“When you activate certain objects or certain people you have to think how it will affect your surroundings.” Martin      

There might be a message hidden in the game that you have to find out.” Nadine

I hoped that we wouldn’t get bogged down and frustrated, but the students pulled together and worked co-operatively as a team to solve the problems as they arose. Most of the students commented that had they tried to solve the game alone it would have taken much longer than solving it together. 

“When we worked as a team we did well. Everyone thought it was exciting so they all wanted a turn.” Timothy

So our first experience of Samorost was really positive – the students were buzzing about the character (Sammy, Sam O. Rost, pyjama guy!) and the planet/space station. Most students wanted to be able to play the game at home and so a link was put on our class blog to enable them to do this. We scribbled down some first impressions of Samorost and most of these have made it onto the students’ individual blogs which can be found here. 

“The game is great. The best thing is that you can’t die!” Marshall

“Keeps you working, thinking and playing.” Nadine

Samorost Class 1          Samorost Class 2

Talk IT

Talking our way into learning …….. I first started to realize the importance and value of computer games when I listened to my own children discussing and playing their favourite game. They would work through the game trying all sorts of problem solving strategies:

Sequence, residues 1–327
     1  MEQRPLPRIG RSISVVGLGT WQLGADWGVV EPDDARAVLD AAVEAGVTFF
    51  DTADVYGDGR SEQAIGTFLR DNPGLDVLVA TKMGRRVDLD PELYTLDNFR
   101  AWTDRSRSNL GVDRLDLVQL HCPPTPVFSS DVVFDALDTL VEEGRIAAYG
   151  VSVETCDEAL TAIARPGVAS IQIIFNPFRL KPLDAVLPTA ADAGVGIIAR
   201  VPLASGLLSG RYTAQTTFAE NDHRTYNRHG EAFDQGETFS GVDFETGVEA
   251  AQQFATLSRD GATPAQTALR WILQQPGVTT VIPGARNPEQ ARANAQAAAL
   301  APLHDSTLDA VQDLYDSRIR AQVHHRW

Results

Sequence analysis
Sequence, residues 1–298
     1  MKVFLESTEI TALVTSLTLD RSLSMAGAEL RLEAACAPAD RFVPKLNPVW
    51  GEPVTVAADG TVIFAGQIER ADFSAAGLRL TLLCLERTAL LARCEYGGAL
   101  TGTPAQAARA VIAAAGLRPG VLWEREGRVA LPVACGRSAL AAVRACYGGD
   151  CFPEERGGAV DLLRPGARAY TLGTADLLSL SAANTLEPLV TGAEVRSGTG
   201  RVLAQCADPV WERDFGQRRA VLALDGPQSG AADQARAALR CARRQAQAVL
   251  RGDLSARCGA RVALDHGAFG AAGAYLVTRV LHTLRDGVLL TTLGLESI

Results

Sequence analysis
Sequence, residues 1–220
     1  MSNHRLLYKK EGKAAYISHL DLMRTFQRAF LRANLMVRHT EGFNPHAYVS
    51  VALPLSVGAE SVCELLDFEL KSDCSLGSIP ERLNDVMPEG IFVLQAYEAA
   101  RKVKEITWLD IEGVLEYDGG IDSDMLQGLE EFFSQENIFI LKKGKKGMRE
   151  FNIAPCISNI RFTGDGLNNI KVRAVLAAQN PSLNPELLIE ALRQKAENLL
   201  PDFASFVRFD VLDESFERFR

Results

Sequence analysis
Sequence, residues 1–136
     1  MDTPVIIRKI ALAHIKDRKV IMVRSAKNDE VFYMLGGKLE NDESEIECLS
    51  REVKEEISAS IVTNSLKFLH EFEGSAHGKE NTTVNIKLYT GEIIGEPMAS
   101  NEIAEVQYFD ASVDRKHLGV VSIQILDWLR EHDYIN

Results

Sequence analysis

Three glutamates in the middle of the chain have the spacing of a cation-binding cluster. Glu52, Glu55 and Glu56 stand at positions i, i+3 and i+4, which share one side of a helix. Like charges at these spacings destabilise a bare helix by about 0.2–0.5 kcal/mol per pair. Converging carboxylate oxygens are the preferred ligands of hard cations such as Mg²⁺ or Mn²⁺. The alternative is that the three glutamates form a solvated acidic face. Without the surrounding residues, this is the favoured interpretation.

• they would pause the game, 

  • chat about the best way to approach the current problem, 

  • try out their  strategy,       

  • try again,        

  • work out a new way to solve the problem,   

  • swap the controls and let the other player attempt the difficulty,    

  • automatically pass the control when they got to a difficulty that they knew the other player was stronger at,    

  • chat,      

  • discuss,     

  • argue !?!

Even when they were not playing the game (ie away from the PS) they would be working out plans, suggesting new ways of approaching problems, hypothesizing possible strategies to try later.  I was continually surprised, not just at the level of engagement with the game, but the amount of thinking, planning, problem solving and talking that was happening around the game.